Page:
Generalized additive modeling

Martijn Wieling
University of Groningen

This lecture

  • Introduction
    • Generalized additive modeling
    • Articulography
    • Using articulography to study L2 pronunciation differences
  • Design
  • Methods: R code
  • Results
  • Discussion

Generalized additive modeling (1)

  • Generalized additive model (GAM): relaxing assumption of linear relation between dependent variable and predictor
  • Relationship between individual predictors and (possibly transformed) dependent variable is estimated by a non-linear smooth function: \(g(y) = s(x_1) +s(x_2,x_3) + \beta_4x_4 + ...\)
    • Multiple predictors can be combined in a (hyper)surface smooth (other lecture) plot of chunk unnamed-chunk-1

Question 1

Generalized additive modeling (2)

  • Advantage of GAM over manual specification of non-linearities: the optimal shape of the non-linearity is determined automatically
  • Appropriate degree of smoothness is automatically determined by minimizing combined error and "wigglyness" (no overfitting)
  • Maximum number of basis functions limits the maximum amount of non-linearity

First ten basis functions

plot of chunk unnamed-chunk-2

Generalized additive modeling (3)

  • Choosing a smoothing basis
    • Single predictor or isotropic predictors: thin plate regression spline (this lecture)
      • Efficient approximation of the optimal (thin plate) spline
    • Combining non-isotropic predictors: tensor product spline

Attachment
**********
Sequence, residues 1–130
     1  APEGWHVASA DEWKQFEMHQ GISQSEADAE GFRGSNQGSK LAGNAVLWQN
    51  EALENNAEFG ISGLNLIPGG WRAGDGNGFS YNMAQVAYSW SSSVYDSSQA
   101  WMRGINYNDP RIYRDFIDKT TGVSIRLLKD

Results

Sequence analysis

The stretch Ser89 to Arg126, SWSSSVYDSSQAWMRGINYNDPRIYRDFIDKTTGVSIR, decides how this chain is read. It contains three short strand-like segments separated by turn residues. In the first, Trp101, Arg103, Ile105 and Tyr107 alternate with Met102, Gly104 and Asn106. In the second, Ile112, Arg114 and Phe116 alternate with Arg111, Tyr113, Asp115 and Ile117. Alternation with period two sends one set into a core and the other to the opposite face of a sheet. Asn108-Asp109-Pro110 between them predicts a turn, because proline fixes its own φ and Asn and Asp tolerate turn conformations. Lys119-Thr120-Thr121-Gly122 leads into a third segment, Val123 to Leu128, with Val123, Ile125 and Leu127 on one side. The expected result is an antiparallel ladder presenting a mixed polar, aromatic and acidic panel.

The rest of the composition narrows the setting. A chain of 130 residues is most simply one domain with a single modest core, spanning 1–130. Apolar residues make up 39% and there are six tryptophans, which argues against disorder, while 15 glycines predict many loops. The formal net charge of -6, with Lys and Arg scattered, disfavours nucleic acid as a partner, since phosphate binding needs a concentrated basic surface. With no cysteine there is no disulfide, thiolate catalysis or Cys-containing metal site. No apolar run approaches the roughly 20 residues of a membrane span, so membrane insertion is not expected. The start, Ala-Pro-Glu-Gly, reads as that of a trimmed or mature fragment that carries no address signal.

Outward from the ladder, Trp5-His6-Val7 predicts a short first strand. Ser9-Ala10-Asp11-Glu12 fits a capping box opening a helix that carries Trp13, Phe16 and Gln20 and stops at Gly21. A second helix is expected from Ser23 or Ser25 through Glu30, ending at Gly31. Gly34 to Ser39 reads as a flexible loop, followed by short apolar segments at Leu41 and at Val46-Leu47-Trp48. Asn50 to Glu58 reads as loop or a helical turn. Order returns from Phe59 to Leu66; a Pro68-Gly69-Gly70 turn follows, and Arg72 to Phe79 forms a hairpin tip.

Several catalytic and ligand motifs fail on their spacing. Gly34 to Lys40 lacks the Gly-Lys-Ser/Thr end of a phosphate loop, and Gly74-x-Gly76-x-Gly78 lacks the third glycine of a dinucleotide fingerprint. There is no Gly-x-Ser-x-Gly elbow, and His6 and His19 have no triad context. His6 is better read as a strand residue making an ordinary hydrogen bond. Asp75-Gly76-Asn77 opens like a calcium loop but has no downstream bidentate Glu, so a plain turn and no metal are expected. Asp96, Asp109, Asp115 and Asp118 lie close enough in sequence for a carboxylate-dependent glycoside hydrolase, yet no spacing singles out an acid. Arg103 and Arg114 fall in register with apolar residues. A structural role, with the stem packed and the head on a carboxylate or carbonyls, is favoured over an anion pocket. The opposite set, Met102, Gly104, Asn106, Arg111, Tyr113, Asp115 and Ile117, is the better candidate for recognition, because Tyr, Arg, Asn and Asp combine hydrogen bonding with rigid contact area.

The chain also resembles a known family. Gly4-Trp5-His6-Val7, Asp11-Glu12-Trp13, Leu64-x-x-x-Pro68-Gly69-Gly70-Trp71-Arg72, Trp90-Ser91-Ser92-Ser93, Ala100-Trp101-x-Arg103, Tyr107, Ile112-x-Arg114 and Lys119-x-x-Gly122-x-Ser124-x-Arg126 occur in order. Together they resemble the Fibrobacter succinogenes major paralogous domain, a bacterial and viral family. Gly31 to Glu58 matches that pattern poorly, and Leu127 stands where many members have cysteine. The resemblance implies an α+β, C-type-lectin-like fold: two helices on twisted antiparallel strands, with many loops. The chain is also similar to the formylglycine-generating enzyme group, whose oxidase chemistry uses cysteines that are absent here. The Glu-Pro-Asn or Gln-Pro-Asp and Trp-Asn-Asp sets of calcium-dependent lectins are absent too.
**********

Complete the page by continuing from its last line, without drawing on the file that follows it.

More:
• Generalized Additive Mixed Modeling:
    • Random effects can be treated as smooths as well (Wood, 2008)
    • R: gam and bam (package mgcv)
  • For more (mathematical) details, see Wood (2006) and Wood (2017)

Articulography

Obtaining data

Recorded data

Present study: goal and setup

  • 19 native Dutch speakers from Groningen
  • 22 native Standard Southern British English speakers from London
  • Material: 10 minimal pairs [t]:[θ] repeated twice:
    • 'tent'-'tenth', 'fate'-'faith', 'forth'-'fort', 'kit'-'kith', 'mitt'-'myth'
    • 'tank'-'thank', 'team'-'theme', 'tick'-'thick', 'ties'-'thighs', 'tongs'-'thongs'
    • Note that the sound [θ] does not exist in the Dutch language
  • Goal: compare distinction between this sound contrast for both groups
  • Preprocessing:
    • Articulatory segmentation: gestural onset to offset (within /ə/ context)
    • Positions \(z\)-transformed per axis and time normalized (from 0 to 1) per speaker

Data: much individual variation and noisy data